Kenya arrives at the 2016 Olympic in the aftermath of a superb performance at the 2015 World athletics championships where they topped the standings with 7 gold medals. However Kenya will be hard pressed to repeat that superlative performance.
Men’s 800m: Gold for Rudisha, bronze for Kipketer
David Rudisha is the defending World and Olympic champion. He is not as dominant as he was when he won the gold medal at the 2012 London games and in the process set a new world record. He survived the Olympic trials barely finishing third in a race that was won by upstart Alfred Kipketer. However he as run the fastest 800m of the season at 1:43.35 which he ran at a meet in Hungary on July 18. With his experience, ability to run the rounds intelligently and big race temperament, he is the favourite for the gold medal. Alfred Kipketer who has run the 5th fastest time of the season should win bronze.
1500m: Gold for Asbel Kiprop, Silver for Manangoi
Asbel Kiprop won the gold medal at the 2008 Olympics after the original winner, Ramzi of Bahrain was disqualified for doping. Injuries doomed his chances at the 2012 games but he came back strongly to win gold medal at the 2015 world championships. When he means business and gets his tactics right, Kiprop has been peerless, often winning all the big races by significant margins But of late he has had some lapses of judgment in Diamond League races. Still he ran the fastest time of the season at 3:29.33 and should win. Elijah Manangoi and Ronald Kwemoi have run the second and third fastest times of the season and could finish 2nd and 3rd if they can run intelligently in what is sure to be a tactical race. If anyone can ruin Kenya’s party it is Tareq Makhloufi, the defending Olympic champion.
3000m Steepelchase: Gold for Kipruto and clean sweep
This is an event that Kenya has thoroughly dominated. In fact a Kenyan has won this race at every Olympics that Kenya has participated in since 1968. The 2016 games should not be any different. Conseslus Kipruto who won the silver medal at the 2015 world championships behind Ezekiel Kemboi, is the favourite having run the three fastest times of the season.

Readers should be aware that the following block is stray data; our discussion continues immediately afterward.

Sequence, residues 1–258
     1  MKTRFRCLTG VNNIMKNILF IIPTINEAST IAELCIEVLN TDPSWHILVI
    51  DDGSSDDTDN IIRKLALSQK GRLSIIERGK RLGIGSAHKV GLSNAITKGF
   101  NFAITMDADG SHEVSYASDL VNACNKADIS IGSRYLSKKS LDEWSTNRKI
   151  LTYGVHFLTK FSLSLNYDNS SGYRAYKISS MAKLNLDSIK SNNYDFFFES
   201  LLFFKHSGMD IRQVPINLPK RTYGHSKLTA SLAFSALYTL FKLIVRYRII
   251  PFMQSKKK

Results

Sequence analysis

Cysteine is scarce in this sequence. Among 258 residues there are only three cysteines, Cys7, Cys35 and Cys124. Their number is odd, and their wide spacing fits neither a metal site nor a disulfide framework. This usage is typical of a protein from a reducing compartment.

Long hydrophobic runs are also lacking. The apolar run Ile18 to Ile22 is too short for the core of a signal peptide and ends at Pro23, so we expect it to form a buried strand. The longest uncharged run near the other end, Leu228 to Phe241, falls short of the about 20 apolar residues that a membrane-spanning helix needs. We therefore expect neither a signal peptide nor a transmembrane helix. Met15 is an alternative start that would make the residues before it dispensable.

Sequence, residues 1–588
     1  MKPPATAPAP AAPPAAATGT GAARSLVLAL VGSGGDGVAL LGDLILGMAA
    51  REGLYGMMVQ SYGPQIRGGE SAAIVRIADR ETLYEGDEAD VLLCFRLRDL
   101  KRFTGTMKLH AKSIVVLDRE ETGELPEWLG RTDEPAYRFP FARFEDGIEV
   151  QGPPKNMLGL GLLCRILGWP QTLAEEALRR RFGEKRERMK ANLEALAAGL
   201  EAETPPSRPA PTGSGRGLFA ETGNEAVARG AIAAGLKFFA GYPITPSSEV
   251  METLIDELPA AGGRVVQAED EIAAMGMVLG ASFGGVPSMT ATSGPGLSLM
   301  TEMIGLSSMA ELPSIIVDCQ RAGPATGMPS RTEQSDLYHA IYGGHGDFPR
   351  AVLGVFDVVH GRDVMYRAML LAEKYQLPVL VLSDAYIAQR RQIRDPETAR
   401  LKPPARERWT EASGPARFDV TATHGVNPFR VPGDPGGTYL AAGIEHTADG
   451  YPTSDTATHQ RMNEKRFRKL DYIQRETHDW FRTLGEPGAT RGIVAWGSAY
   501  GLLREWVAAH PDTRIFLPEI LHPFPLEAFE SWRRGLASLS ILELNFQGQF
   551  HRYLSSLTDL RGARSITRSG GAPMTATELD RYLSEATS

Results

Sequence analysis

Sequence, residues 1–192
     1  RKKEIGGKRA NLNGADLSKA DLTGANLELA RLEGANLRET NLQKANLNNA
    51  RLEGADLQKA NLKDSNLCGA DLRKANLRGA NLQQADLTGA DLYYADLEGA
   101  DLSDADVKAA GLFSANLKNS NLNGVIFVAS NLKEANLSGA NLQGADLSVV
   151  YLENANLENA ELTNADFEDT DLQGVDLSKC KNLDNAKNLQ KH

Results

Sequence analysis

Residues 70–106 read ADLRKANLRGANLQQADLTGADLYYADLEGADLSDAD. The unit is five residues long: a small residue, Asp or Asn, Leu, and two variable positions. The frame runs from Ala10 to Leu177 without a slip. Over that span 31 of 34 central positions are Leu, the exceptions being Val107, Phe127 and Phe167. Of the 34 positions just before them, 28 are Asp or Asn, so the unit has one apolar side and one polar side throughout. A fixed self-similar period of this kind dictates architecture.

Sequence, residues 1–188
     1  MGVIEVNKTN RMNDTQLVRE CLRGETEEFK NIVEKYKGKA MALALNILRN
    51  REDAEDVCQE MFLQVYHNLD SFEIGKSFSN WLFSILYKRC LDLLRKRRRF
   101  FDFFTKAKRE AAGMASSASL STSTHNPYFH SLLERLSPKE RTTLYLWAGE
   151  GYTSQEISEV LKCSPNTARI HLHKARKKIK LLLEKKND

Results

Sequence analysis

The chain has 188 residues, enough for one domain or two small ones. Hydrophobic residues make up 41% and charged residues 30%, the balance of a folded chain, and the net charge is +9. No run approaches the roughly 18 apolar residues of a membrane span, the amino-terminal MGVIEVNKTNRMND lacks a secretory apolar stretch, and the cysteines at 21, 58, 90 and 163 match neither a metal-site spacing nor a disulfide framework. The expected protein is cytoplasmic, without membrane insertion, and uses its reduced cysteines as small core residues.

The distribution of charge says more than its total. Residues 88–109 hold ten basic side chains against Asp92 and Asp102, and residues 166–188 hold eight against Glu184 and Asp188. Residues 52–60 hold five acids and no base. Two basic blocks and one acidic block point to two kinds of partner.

The seasoned Ezekiel Kemboi, who has been representing Kenya for fourteen years and who has two Olympic gold medals to his name, has not run much this year. But with his experience and tactical nous, he can never be counted out. He is a master at timing his his surges so perfectly, shifting gears suddenly and producing a burst of speed in the last 200 metres that he leaves opponents befuddled.
The third Kenyan in the race is another experienced runner in Brimin Kipruto who won the silver in 2004 and gold in 2008. He too has run very sparingly this season and is saving himself for the Olympics.
5000m : bronze for Caleb Ndiku
Caleb Mwangangi Ndiku and Isaiah Koech will be representing Kenya. It will be a tall order for Kenya to gather a medal. Neither Ndiku nor Koech are among the fastest runners in the season. Mo Farah is the defending Olympic and world champion is still the favourite. The Ethiopian duo of Gebremeskel and Muktar Edris should be the closest challengers to Farah
10,000m: Silver for Kamworor, bronze for Bedan Kaloki
Defending world cross country and half marathon champion Geoffrey Kamworor will be Kenya’s best hope. But this is based solely on his form in 2015 where he won the silver medal at the world championships. In 2016 he has not run the 10,000m. He dropped out of the race at the trials. But he did win the world half marathon championships where he and Bedan Kaloki set such a torrid pace that Mo Farah could not keep up. However achieving the same result against Farah on the track has proven unsuccessful. Mo Farah is still the favourite.
Marathon: Gold for Kipchoge
Eliud Kipchoge ran the fastest marathon of the season when he clocked 2:03:05 in London and could have broken the world record had he known he was on world record pace. He will be the race favourite along with Stanley Biwott who has run the second fastest time of the season. However the Olympic marathon is always difficult to predict because runners who do well in City marathons often perform poorly at the Olympics.
Julius Yego may have won the world championship in 2015, but his form in 2016 has been below par. It will come as a shock if he ends up on the podium. Though he has a better chance at medaling than fellow world champion Nicholas Bett who has been far below par in the 400m hurdles this season.
Women’s 800m: Bronze for Wambui